CCNU for the treatment of dogs with histiocytic sarcomaJournal of veterinary internal medicine / American College of Veterinary Internal Medicine (2007)
AbstractBACKGROUND: Histiocytic sarcoma is an aggressive neoplasm of dendritic cells that carries a grave prognosis. The efficacy of chemotherapy against this disease is unknown. The purpose of this study was to determine the efficacy of 1-(2-chloroethyl)-3-cyclohexyl-1-nitrosourea (CCNU) in dogs with incompletely resected or metastatic histiocytic sarcoma, to describe the clinical characteristics of these dogs, and to identify factors affecting prognosis. HYPOTHESIS: Our hypothesis is that CCNU has activity against canine histiocytic sarcoma and can improve survival in dogs with advanced disease. ANIMALS: Included in analysis are dogs diagnosed with histiocytic sarcoma who had gross measurable or residual microscopic disease and who received CCNU. METHODS: A multi-institutional, retrospective, single-arm cohort study was conducted. Available biopsy samples were tested with an antibody against CD18 when possible to confirm the diagnosis of histiocytic sarcoma. RESULTS: Fifty-nine dogs were treated at 8 institutions. Twenty-three tumor specimens were confirmed to be CD18 positive. Treatment with CCNU at 60 to 90 mg/m2 resulted in an overall response rate of 46% in the 56 dogs with gross measurable disease. All 3 dogs with minimal residual disease experienced tumor relapse but lived 433 days or more after starting CCNU. The median survival of all 59 dogs was 106 days. Thrombocytopenia (< 100,000 platelets/microL) and hypoalbuminemia were found to be negatively associated with prognosis and were predictive of < 1 month survival. CONCLUSIONS AND CLINICAL IMPORTANCE: Results suggest that CCNU is active against canine histiocytic sarcoma and may be useful in the treatment of dogs without negative prognostic factors.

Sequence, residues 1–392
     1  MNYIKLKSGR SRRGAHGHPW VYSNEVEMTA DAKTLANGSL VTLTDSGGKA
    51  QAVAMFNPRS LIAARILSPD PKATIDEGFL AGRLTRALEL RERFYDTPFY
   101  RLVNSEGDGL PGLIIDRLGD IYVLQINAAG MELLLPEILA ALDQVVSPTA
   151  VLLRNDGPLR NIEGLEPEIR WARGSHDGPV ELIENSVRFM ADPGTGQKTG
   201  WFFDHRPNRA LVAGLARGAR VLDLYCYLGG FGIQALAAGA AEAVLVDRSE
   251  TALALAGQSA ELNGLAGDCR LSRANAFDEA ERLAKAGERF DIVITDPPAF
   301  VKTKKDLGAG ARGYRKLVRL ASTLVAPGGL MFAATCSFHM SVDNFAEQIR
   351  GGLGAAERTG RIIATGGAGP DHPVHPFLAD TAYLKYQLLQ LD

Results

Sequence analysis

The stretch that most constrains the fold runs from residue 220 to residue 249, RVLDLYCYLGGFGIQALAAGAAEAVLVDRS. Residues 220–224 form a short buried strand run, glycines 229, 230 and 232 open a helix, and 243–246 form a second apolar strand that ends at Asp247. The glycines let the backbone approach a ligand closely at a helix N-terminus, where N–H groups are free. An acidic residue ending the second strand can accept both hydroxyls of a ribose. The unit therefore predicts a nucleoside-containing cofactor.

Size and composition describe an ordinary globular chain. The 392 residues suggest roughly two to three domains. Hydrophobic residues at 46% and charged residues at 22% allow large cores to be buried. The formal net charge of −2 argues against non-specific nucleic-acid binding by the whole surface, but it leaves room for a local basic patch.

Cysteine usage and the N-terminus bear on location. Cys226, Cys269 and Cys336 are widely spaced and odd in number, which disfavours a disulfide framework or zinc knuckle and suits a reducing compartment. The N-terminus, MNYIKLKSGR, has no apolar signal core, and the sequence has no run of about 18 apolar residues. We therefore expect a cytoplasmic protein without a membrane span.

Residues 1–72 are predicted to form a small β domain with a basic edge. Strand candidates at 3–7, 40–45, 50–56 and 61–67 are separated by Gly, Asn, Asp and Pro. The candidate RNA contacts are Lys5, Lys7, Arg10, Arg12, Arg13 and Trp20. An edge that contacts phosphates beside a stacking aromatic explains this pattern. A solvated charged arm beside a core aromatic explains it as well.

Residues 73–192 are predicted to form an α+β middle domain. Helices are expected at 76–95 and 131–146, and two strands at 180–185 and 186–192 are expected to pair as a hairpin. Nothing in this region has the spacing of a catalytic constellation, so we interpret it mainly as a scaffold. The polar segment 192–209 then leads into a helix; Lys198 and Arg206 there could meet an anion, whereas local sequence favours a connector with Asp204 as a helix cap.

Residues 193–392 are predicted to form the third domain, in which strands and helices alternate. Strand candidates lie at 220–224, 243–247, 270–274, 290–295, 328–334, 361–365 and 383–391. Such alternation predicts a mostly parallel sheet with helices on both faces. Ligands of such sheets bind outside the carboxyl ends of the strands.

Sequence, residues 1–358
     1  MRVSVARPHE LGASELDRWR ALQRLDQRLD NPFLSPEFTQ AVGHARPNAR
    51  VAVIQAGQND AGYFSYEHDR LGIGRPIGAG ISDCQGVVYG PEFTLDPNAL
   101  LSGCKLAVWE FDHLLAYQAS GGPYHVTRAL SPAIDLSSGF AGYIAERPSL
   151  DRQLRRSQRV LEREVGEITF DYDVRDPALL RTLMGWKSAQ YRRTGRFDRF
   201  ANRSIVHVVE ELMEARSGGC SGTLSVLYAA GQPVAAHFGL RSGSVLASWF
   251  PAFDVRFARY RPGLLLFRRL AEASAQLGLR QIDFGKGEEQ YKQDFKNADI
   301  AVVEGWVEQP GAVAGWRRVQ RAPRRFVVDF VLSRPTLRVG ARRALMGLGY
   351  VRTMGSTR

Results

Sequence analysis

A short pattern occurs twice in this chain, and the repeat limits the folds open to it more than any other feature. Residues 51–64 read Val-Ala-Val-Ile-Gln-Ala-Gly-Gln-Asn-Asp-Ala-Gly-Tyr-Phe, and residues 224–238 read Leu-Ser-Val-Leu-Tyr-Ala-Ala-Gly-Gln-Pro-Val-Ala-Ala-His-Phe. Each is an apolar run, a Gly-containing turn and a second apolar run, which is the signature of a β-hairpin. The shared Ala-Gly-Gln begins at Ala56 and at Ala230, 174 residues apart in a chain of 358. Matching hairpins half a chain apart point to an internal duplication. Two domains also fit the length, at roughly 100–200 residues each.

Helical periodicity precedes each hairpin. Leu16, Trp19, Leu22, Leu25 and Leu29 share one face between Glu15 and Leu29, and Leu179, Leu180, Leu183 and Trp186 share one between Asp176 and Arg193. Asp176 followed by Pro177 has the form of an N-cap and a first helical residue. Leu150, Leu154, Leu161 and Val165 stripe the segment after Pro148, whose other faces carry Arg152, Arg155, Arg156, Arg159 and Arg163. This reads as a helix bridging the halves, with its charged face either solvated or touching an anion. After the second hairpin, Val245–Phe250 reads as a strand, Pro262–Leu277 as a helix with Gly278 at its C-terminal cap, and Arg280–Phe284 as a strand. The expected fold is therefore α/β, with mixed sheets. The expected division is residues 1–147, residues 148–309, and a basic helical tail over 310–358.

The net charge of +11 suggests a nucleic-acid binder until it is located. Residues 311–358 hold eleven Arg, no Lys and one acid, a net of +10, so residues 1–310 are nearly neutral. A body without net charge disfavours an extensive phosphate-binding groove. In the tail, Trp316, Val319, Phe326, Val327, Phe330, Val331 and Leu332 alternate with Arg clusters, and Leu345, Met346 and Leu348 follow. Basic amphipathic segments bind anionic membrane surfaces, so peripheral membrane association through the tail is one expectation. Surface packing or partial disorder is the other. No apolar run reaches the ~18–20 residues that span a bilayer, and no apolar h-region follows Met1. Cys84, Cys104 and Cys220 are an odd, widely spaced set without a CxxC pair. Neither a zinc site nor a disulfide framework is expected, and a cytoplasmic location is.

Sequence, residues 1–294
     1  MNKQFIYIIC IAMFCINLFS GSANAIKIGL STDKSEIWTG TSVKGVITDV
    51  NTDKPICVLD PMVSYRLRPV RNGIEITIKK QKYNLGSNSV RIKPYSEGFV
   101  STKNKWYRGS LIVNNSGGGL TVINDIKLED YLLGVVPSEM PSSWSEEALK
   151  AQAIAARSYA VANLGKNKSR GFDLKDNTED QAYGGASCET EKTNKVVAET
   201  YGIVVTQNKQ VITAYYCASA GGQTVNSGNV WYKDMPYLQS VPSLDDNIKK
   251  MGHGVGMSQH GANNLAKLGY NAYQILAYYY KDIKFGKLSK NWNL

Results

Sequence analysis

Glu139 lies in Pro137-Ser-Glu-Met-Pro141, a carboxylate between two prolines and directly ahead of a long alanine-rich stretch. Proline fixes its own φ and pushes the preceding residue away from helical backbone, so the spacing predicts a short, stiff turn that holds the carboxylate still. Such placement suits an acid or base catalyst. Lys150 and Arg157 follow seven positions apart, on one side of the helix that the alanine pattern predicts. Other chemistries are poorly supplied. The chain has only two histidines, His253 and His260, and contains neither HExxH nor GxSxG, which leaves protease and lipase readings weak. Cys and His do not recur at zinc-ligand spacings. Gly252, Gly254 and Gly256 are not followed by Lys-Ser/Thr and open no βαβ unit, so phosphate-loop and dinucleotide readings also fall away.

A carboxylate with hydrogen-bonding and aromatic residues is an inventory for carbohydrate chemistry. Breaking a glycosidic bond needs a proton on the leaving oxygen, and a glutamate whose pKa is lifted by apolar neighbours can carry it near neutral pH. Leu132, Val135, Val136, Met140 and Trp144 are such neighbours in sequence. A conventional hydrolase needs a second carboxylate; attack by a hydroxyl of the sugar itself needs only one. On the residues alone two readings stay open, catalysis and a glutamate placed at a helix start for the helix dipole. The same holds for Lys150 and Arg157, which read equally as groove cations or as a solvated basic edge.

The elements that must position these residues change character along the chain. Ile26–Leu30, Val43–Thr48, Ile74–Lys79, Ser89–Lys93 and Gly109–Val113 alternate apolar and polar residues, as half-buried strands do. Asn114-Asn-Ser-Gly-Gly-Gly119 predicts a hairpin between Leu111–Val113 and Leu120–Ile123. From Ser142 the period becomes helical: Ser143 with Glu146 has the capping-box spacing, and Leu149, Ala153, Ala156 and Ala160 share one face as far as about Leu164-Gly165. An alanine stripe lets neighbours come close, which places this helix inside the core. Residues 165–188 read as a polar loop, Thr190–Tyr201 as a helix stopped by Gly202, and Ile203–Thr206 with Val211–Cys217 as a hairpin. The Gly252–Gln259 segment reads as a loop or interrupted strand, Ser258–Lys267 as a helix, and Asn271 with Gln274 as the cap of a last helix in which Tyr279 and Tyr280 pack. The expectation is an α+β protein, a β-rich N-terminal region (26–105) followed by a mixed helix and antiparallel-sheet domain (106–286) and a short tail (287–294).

Citation InformationK Skorupski, C Clifford, A L Garcia, L Barber, et al.. "CCNU for the treatment of dogs with histiocytic sarcoma" Journal of veterinary internal medicine / American College of Veterinary Internal Medicine Vol. 21 Iss. 1 (2007)
Available at: http://works.bepress.com/amy_leblanc/11/